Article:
The identity of the vesicle neurotransmitter transporter expressed by a neuron largely corresponds with the primary neurotransmitter that cell releases. However, the vesicular glutamate transporter subtype 3 (VGLUT3) is mainly expressed in non-glutamatergic neurons, including cholinergic, serotonergic, or GABAergic neurons. Though a functional role for glutamate release from these non-glutamatergic neurons has been demonstrated, the interplay between VGLUT3 and the neuron's characteristic neurotransmitter transporter, particularly in the case of GABAergic neurons, at the synaptic and vesicular level is less clear. In this study, we explore how exogenous expression of VGLUT3 in striatal GABAergic neurons affects the packaging and release of glutamate and GABA in synaptic vesicles (SVs). We found that VGLUT3 expression in isolated, autaptic GABAergic neurons leads to action potential evoked release of glutamate. Under these conditions, glutamate and GABA could be packaged together in single vesicles release either spontaneously or asynchronously. However, the presence of glutamate in GABAergic vesicles did not affect uptake of GABA itself, suggesting a lack of synergy in vesicle filling for these transmitters. Finally, we found postsynaptic detection of glutamate released from GABAergic terminals difficult when bona fide glutamatergic synapses were present, suggesting that co-released glutamate cannot induce postsynaptic glutamate receptor clustering.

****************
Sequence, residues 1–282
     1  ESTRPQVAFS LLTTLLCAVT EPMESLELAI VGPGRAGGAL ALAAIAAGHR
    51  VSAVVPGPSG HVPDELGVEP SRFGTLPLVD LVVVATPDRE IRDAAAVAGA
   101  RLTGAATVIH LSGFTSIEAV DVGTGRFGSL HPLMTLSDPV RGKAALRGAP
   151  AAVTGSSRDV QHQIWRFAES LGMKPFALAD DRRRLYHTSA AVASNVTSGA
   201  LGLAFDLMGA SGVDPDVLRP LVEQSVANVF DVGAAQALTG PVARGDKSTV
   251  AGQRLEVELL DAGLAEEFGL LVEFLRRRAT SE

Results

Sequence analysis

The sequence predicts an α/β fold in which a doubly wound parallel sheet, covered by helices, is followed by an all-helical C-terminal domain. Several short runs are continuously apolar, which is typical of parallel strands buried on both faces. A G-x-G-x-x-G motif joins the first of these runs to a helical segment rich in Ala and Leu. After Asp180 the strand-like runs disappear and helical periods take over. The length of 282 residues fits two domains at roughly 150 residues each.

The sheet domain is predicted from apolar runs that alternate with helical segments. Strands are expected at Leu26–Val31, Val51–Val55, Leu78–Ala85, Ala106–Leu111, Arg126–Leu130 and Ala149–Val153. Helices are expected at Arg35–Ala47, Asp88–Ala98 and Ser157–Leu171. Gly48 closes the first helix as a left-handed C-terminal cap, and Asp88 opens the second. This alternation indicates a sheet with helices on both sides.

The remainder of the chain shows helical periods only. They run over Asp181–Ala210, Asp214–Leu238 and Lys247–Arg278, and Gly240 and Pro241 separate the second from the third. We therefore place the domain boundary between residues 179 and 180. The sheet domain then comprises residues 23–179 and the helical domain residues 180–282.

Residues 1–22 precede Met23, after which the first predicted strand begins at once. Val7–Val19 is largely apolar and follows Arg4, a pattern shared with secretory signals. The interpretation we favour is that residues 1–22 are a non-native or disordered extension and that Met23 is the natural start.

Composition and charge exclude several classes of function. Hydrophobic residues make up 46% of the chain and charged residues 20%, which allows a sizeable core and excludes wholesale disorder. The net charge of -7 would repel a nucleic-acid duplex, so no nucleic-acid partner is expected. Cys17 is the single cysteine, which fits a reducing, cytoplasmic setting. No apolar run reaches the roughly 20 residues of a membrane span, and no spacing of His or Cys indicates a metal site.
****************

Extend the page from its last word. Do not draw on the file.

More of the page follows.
No MeSH data available.


Related in: MedlinePlus